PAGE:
First International Workshop on Properties of Software Engineering Research (PROPSER)


This workshop aims to bring together researchers at various points in their career and practitioners alike, for discussing the systematic description and evaluation of software engineering research.


The workshop is motivated by two observations:

  1. writing and reviewing software engineering research results is often hindered by the lack of a community understanding what are important questions (hypotheses) to validate research and which methods are suitable, appropriate and needed for demonstrating evidence;

  2. retrieving research results just through syntactical terms of the paper title (or even abstract) is often very hard, and, as a consequence, comprehensively relating research results to each other in terms of support, strengthening or contradiction is rarely done.

Therefore, in PROPSER we want to discuss in particular:

  • properties for describing software engineering research, such as relevance, evidence, applicability, appropriateness, etc;
  • general patterns for suitable empirical validations of research results and hypotheses;
  • suitable classifications of software engineering research, beyond established subject categories;
  • experiences, rules or guidelines, on how to decide on suitable validation questions and subsequently suitable empirical methods;
  • managing and organising research knowledge at a finer grain than paper citations;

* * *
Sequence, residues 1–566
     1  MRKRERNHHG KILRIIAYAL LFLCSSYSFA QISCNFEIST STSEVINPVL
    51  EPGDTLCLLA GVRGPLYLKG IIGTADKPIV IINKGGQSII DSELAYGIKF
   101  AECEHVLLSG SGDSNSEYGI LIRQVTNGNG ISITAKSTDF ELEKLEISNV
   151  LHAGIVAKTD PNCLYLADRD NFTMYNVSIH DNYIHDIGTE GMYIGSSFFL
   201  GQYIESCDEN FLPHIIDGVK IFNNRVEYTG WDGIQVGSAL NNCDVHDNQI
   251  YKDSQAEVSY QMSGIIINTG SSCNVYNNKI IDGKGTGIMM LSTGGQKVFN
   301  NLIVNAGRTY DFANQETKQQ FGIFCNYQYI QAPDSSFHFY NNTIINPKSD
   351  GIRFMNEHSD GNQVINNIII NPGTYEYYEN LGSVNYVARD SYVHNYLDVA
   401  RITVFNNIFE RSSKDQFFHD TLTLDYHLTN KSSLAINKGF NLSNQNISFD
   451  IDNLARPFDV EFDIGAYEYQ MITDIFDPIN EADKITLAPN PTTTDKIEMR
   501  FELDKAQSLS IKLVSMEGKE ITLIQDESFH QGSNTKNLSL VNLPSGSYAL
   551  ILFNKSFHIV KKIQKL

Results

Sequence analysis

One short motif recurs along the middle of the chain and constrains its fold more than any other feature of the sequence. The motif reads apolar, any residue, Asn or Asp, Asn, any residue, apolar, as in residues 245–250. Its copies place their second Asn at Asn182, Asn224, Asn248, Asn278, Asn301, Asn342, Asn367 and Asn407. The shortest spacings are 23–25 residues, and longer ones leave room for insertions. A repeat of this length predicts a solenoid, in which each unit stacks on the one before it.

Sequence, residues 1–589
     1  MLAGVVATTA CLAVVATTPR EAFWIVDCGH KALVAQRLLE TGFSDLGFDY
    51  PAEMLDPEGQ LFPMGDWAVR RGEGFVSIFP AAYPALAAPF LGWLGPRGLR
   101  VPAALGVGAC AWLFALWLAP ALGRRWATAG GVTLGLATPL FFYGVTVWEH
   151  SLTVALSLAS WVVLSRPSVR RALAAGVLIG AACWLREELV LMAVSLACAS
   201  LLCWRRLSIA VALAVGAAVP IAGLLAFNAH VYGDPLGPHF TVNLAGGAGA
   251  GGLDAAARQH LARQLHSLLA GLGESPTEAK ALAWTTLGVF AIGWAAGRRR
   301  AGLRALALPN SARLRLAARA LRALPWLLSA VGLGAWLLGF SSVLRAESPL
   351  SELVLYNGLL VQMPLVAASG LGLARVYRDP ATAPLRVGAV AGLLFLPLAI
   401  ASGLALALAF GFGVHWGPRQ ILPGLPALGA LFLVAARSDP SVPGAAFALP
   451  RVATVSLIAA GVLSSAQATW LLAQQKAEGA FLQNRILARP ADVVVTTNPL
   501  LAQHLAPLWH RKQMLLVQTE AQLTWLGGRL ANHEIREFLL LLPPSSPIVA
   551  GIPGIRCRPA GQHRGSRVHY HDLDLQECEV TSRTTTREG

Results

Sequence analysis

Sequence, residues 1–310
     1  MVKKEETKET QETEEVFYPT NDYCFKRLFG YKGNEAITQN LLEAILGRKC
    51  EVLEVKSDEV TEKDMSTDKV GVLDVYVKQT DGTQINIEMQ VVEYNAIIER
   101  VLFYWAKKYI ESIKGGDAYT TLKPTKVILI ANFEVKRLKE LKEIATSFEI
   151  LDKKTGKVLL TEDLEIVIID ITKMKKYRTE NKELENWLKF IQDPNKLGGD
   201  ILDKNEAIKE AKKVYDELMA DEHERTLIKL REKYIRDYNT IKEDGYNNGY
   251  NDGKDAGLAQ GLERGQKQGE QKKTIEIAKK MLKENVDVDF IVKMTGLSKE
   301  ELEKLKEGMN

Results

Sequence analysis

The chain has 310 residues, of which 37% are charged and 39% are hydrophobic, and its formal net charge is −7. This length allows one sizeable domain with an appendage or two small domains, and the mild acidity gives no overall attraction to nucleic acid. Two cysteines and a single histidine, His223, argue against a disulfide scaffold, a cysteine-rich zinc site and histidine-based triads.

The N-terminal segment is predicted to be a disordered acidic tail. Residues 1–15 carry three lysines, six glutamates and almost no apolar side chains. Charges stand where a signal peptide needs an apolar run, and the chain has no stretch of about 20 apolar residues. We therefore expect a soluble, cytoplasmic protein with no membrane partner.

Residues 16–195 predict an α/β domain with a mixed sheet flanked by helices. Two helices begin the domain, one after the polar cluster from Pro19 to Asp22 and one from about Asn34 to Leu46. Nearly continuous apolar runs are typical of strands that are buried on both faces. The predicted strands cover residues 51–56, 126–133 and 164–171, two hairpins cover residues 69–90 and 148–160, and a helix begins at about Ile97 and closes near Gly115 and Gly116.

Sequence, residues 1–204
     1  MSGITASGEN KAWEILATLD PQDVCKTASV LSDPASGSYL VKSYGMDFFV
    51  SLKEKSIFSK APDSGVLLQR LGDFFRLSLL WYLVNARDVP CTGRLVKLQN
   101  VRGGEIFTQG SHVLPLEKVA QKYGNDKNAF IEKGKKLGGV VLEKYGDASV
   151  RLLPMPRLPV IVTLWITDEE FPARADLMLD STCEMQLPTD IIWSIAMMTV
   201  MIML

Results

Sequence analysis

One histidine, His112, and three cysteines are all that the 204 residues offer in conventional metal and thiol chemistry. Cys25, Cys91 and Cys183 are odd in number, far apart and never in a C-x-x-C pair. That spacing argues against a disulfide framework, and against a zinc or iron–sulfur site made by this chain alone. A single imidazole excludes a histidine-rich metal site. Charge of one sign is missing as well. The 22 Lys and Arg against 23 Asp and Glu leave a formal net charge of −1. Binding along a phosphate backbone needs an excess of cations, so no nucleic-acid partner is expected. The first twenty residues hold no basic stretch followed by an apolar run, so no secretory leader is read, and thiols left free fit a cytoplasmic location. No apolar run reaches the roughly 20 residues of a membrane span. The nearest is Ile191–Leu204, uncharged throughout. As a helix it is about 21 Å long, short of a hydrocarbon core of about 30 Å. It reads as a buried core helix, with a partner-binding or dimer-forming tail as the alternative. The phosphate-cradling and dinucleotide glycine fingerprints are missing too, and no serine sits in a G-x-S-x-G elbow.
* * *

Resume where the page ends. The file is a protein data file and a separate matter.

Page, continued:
• methods for evaluating the impact of research on software engineering practice.

The workshop aims to discuss these subjects as such, it is not meant to be a platform for original research results in a specific software engineering topic. Therefore, we intentionally do not require original new ideas to be submitted. Of course, for inclusion in the proceedings a paper should be original text.


Concretely, we invite three types of submissions:

  • taxonomy papers (up to 8 pages): papers presenting or surveying classifications of software engineering subjects, empirical methods, areas of software applications, etc.; including hypotheses about relationships between such categories (e.g., "contributions of type X should be validated with method Y.")

  • method-not-obvious papers (up to 6 pages): papers describing ongoing research that has unsolved questions regarding how to demonstrate the validity and relevance of the work.

  • proposal papers (up to 6 pages): papers that directly address one or a few of the above-mentioned topics.

None of these submission types strictly requires a conventional sequence of sections; please find a suitable section format for your respective case, but make heavy use of headings to help readers with orientation.

Papers will be reviewed with respect of their strength of argumentation and their potential to spark interesting discussions during the workshop regarding the above-mentioned topics.

Submitted papers must be written in English and conform to the ACM Proceedings Format: Download template here.

Submissions are done via the Easychair site of EASE.


The deadlines and important dates for the submissions are as follows:

  • Paper submission: 26 March 2021
  • Author notification: 19 April 2021
  • Camera-ready: 30 April 2021
  • Workshop: 23 June 2021

All accepted papers will be published at ACM EASE Companion Proceedings.


Antonia Bertolino, ISTI-CNR, Italy

Anne Koziolek, Karlsruhe Institute of Technology (KIT), Germany

Ralf Reussner, Karlsruhe Institute of Technology (KIT) / FZI – IT Research Centre, Germany (main contact)

Programme Committee

Robert Feldt, Chalmers University, Sweden

Paul Ralph, Dalhousie University, Canada

Carlo Ghezzi, Politecnico di Milano, Italia

Gustavo Pinto, Federal University of Pará, Brasil

Barbara Kitchenham, Keele University, UK

Lutz Prechelt, FU Berlin, Germany

Walter Tichy, Karlsruhe Institute of Technology, Germany

Sira Vegas, Universidad Politécnica de Madrid, Spain